After some brainstorming the plan finally stabilized on 3 scenes:

  • The ateliers centraux/rolling stock workshop with the unused liquid iron railway through downtown Ougrée, with level crossings and pipe bridge in between houses. We really wanted to model the level crossings and the rolling stock workshop would be a nice excuse to have basically every type of rolling stock on the cockerill sambre network on the layout
  • The old Cockerill blast furnace department as it looked like in 1988, partly demolished but blast furnace 5 and 7 and the charge silo still standing, with the adjacent power plant and forge.
    We had been able to explore the last Ougree blast furnace and the last Esperance-Longdoz blast furnace but the last Cockerill furnace had been gone since 1988. After finding a series of really awesome photos taken during demolition I figured making a model would be a nice chance to explore it anyway. (yes, I will be all cheesy and model our little urbex team on one of those blast furnaces.)
  • The dead end of Rue Philippe de Marnix north of the state railway tracks. I’ll leave it to the reader to find out why that part has to be built.

It was already clear this would be a rather serious undertaking (understatement) even between the three of us, as I was the only one who had built full layouts before. Standards were set suitably high, all buildings homemade and rolling stock as accurate as possible, bought when available (which of course means at least half of it at least partly handmade as well)

As I was already working for Artitec at the time I could make use of the company facilities so serious amounts of resin and etched brass parts could be made for the project without becoming excessively expensive, greatly reducing the amount of work, making the whole thing seem slightly less impossible. (only slightly, though) In return, some project parts have made it into the artitec catalogue.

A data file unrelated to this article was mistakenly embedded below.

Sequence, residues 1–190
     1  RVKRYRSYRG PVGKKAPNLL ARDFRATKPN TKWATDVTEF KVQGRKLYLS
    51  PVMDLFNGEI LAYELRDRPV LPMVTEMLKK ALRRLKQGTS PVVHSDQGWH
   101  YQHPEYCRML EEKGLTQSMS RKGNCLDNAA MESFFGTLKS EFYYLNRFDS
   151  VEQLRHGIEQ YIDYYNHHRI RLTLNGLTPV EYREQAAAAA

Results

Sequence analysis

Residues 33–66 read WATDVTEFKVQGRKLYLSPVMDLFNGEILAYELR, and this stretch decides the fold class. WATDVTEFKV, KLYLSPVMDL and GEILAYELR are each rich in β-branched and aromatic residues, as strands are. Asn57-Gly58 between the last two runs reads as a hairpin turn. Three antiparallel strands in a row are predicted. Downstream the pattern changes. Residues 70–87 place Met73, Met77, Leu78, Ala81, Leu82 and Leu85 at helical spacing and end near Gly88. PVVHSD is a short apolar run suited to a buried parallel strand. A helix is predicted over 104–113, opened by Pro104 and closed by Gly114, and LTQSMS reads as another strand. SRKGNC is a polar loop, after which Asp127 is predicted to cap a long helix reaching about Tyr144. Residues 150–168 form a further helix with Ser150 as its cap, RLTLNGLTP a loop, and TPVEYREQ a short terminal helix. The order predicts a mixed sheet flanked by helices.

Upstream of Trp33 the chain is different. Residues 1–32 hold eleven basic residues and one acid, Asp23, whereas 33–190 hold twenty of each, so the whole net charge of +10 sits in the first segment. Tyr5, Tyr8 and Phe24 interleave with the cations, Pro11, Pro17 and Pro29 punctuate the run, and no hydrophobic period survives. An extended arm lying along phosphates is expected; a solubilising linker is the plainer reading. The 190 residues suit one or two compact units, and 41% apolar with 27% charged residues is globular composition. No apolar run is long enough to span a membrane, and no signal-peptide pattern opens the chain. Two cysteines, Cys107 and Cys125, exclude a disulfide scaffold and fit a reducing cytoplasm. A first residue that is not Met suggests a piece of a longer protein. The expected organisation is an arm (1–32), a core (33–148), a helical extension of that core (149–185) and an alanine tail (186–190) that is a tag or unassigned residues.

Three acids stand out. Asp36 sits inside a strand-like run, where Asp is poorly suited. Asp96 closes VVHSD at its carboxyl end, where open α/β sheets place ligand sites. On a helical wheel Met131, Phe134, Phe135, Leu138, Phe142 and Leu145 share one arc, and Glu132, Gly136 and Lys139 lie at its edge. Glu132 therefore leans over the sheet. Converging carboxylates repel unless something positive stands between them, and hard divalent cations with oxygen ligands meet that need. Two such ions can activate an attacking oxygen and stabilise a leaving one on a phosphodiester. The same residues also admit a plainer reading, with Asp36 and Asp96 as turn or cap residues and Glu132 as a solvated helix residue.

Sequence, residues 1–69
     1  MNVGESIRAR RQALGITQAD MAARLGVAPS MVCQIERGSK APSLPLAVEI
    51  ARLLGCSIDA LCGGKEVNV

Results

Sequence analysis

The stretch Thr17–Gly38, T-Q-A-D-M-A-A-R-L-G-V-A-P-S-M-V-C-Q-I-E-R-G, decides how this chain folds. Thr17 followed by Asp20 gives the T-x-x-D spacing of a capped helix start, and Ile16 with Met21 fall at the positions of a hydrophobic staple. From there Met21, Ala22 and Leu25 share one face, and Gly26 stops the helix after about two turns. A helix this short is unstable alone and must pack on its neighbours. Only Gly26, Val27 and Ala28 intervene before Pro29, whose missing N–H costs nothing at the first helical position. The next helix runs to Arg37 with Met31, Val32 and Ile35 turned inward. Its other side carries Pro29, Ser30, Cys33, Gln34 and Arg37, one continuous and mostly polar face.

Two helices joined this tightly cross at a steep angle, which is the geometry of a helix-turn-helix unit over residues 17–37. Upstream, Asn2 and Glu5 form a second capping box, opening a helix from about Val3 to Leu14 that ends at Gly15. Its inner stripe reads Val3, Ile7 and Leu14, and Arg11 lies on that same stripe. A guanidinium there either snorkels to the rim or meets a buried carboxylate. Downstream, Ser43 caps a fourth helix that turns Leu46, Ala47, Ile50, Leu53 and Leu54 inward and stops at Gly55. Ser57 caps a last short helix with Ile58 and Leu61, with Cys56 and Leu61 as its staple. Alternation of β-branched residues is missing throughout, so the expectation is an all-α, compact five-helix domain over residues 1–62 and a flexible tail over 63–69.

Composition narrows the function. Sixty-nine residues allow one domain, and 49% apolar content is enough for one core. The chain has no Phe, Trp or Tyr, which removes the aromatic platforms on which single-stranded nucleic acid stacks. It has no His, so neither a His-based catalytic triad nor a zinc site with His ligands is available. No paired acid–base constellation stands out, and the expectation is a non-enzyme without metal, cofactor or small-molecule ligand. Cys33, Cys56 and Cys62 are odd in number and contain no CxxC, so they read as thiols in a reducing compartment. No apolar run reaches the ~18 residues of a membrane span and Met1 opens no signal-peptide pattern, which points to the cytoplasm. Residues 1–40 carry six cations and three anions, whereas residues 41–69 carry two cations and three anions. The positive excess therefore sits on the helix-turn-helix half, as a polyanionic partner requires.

At this point one friend already started to feel a bit shaky about the whole thing and decided to quit. Well, a most sensible thing to do I’d say, and as said friend still offered to help hauling layout woodwork around the country, who am I to complain.

Meanwhile me and the other mate soldiered on, I started designing and making masters for all resin facades and after castings were made mate started on the buildings for the ougree part while I had a go at the cockerill part and some locomotives.

After a while progress on the ougree bit slowed more and more as my mate was going through some unpleasant times, so we decided I would just continue the build on my own to relieve him of the constant feeling of impending doom such a project instills in sensible people. He would still help me with all sorts of side jobs like being chief layout crew at shows, donate free opinions, brainstorm about all sorts of light and sound related stuff, organising show visits, designing Le Bassin stickers, successfully ordering things that actually get delivered and that sort of thing that would just not happen if left to me. Some day I might even trick him into some miniature gardening.

So… that leaves me here merrily slogging on, strangely somehow enjoying the ever growing endless project just as much as I did years ago when we started! I guess Seraing syndrome is like Stockholm syndrome but slightly worse.